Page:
Your guide to freezing food

Whether it’s left over’s or excess ingredients that you know you won’t eat before they go off, the freezer has always been a reliable form of storage.

Your guide to freezing food

Whether it’s left-overs or excess ingredients that you know you won’t eat before they go off, the freezer has always been a reliable form of storage. Not only does it help us to conveniently preserve our food but it also helps to retain the flavours and freshness of seasonal produce, allowing us to enjoy them all year round. If you often find yourself trying to defrost an ice block that once was a loaf of bread, or hacking at the freezer to free a piece of unidentifiable meat, help is at hand with The British Frozen Food Federation’s tips and guidelines for freezing food.

** Storing frozen foods:**

• Food stored consistently at -18°C or lower will remain safe indefinitely.

• Most domestic freezers should operate at temperatures -18°C or lower. As a general rule, if your freezer can’t keep an ice cream block solid, its temperature is above the recommended level.

• Always refer to the on-pack ‘best before’ date. The manufacturer’s ‘best before’ date is a quality indicator and is the date until which the product will remain of peak quality (when stored at -18°C or below).

• Try to rotate foods; putting newly purchased items at the back of the freezer so older items are used first.

• Freeze your food in appropriate containers, for example, freezer bags and airtight containers.

On the packaging of a frozen food item there is often guidance stating how long the food can be stored using freezers of a given star rating. As a guide here are some suggested maximum storage times at -18°C for a variety of foods.

Practical Storage Life (in months)

2 - 4 months


Clams, oysters

Oily fish (herring, salmon, mackerel, etc)

6 months

Ice cream

Pork joints, chops

Prawns, lobster, crab


8 months

White fish, cod, haddock, etc

10 months

Beef mince

Flat fish, sole, plaice, etc

Lamb joints, chops

12 months

Beef joints, steaks

Corn on the hob


15 months


Brussels sprouts


18 months


Green Beans



24 months

Potato Chips

(These figures refer to commercially frozen products; food frozen at home is unlikely to remain of high quality for the same length of time).

** Safe ways to defrost:**

• The purpose of thawing foods thoroughly before cooking is to ensure that during cooking the food is heated sufficiently to kill harmful bacteria.

• There are three safe ways to defrost food;

  1. In the refrigerator.

  2. In cold water.

  3. In the microwave*.

*Most importantly, follow instructions from manufacturer.

• It’s best to plan ahead for slow, safe thawing in the refrigerator. The bottom of the fridge is ideal.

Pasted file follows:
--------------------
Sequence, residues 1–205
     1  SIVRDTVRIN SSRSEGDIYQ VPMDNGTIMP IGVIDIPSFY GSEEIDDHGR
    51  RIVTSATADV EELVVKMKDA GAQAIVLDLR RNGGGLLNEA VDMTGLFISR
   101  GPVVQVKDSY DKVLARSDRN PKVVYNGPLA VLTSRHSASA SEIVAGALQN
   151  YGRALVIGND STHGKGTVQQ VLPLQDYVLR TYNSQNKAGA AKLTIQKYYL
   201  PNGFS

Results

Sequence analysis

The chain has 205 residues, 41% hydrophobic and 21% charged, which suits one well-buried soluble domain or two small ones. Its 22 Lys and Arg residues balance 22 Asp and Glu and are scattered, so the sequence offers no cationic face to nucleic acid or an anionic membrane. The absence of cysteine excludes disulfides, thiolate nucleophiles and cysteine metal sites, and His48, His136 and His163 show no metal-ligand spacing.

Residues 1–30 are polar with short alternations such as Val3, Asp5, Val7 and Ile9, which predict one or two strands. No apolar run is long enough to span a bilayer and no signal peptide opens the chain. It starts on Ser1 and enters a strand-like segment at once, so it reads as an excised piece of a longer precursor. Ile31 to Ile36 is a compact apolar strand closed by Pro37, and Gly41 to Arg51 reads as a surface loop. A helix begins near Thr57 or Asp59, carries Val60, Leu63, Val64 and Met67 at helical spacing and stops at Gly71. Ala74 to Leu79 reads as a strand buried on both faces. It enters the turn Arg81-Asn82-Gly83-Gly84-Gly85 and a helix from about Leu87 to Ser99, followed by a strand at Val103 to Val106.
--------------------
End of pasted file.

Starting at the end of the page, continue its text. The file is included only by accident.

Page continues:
• For faster defrosting, place food in a leak proof plastic bag and immerse it in cold water. Change water every 30 minutes. After thawing, cook immediately.

Cooking from frozen:

• Many ready prepared foods can be safely cooked directly from the frozen state because the manufactures have designed the cooking method to ensure that the food is properly cooked. Therefore, if the pack tells you to ‘cook from frozen’ it is important to do so, as this will give the best results. Always follow the cooking instructions on the packaging carefully.

• Always cook vegetables from frozen in order to keep the nutrients ‘locked in’.

Refreezing thawed foods:

• Refreezing thawed foods is not advised from either a safety or quality point of view. The main reason is to avoid the risk of improper defrosting methods, i.e. thawing at room temperature for too long a time or letting the thawed food get too warm before refreezing is started.

Storing thawed foods:

• Thawed foods should be treated as carefully as chilled foods, i.e. kept in the refrigerator.

• Care should be taken to ensure that juices released after thawing do not drip onto the refrigerator surfaces - therefore, thawed meets should be stored covered at the bottom of a fridge for no more than 24 hours. Unless advised otherwise by the manufacturer.

What to do if your freezer fails:

  1. Don’t Panic!

  2. Keep the doors of the freezer shut.

  3. Check that it is switched on at the mains.

  4. Replace the fuse.

  5. Check with friends and neighbours if they can store your frozen food.

  6. Call a service engineer - if the engineer is likely to be prompt keep the freezer door closed Depending on how full the freezer is, produce can remain frozen for 24 hours or more. The more full the freezer, the longer the contents will remain frozen.

  7. After the repairs have been made do the following:

a) If the frozen foods have defrosted, remove them from the freezer and check their temperature close to the surface of each item. If it is warmer than the temperature of a refrigerator (>4°C) discard the products now and check your household insurance policy or any freezer warranty you have, you may be covered. Take this opportunity to thoroughly clean the surfaces according to the freezer manufacturers instructions. Allow to dry with the door open and the freezer switched off, prior to restocking the freezer.

b) If foods have thawed but are still colder than 4°C store them at the bottom of a refrigerator and use within 24 hours. Once fully cooked many foods can be frozen to be used within one month. Foods intended to be consumed frozen (e.g. ice cream) should be discarded.

c) If foods are still frozen and have not softened, turn the freezer to its maximum setting for 24 hours, before restoring to a setting, which maintains a temperature of -18°C.